Kalos Press
a literary imprint of Doulos Resources

"Genre" and "Literary" Fiction: A debate on where these overlap—and where they don't

We present Kalos Press as a "literary imprint" of our mother organization, Doulos Resources—and when it comes to fiction, we specifically state that we aim to be a publisher of "literary" fiction (we aim to be, because as of this writing we have not yet published a work of fiction). Further, on our Frequently Asked Questions page, we say, in reference to our willingness to publish "genre" fiction:
We are open to considering all fiction, but we are not currently interested in specializing in particular genres or categories of fiction.

Recently, a couple of our staff members (Jessica and myself—Ed) have been discussing the place of genre fiction in the publishing world generally, and in the larger sphere of "literary" publishing more specifically. This conversation arose after reading and sharing two articles/posts from elsewhere: this blog post from writer/professor Daniel Silliman, on the struggles of "Christian fiction;" and this article from Popular Mechanics on "How Science Fiction Became More Important Than Literary Fiction."

From the latter, this quote especially stood out as worthy of discussion:
There are stupid books and there are smart books. There are well-written books and badly written books. There are fun books and boring books. All of these distinctions are vastly more important than the distinction between the literary and the non-literary. Time has a tendency to demolish old snobberies.

Is this entirely so? Has the label "literary fiction" seen its day, and overstayed its usefulness? Are the lines between "genre" and "literary" works blurred beyond the point of being useful boundaries?

Jessica and I thought there might be some value in extending the discussion further—so we agreed to a debate, of sorts, on genre fiction and literary fiction and, more specifically, whether genre fiction is (or isn't) inherently "literary" in its nature.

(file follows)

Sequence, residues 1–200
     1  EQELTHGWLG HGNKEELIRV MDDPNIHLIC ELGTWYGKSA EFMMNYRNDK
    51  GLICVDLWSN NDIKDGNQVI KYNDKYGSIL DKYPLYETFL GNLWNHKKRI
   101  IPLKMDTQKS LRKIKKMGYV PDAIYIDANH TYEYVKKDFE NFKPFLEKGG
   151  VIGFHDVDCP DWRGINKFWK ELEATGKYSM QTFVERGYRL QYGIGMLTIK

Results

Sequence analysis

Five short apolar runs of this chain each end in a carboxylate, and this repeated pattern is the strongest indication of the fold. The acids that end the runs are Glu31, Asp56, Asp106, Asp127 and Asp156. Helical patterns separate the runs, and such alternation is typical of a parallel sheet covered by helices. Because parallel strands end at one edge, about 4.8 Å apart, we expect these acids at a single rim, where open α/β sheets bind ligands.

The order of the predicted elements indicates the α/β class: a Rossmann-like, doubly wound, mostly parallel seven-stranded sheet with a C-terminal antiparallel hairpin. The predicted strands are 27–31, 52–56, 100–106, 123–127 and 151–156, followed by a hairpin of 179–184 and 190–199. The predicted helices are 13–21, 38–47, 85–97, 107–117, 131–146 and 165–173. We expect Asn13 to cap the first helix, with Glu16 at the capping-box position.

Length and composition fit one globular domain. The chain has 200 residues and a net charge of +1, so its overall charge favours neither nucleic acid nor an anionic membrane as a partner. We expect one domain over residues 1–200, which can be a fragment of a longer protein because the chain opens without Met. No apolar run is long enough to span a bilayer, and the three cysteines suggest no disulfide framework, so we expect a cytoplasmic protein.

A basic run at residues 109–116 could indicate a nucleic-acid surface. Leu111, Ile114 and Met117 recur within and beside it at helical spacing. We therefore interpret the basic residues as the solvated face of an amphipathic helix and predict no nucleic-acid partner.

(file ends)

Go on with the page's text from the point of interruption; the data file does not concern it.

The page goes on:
Over the coming weeks, we'll take turns posting about this in a debate format. This means that, first, we'll each lay out our declarations and arguments for or against a particular position; following that, we will interact with and respond to the other's points; then, in conclusion, we will each offer a final summation of our points (especially asserting those that we believe the other hasn't adequately responded to).

In fairness and full disclosure: Jessica, in addition to her excellent work as our General Editor for Kalos Press, is also a writer; in fact, she writes genre fiction! Beyond this, she is an avid reader, including many genre fiction titles. Meanwhile, I (Ed) am also a writer (almost exclusively nonfiction), and my reading rarely dips into the genre fiction category—so I am arguably somewhat uninformed, at least in terms of personal experience, on the topic; or you could say that I stand to gain the most from a healthy discussion.

At any rate, we are both looking forward to it, and hope that you will, as well.

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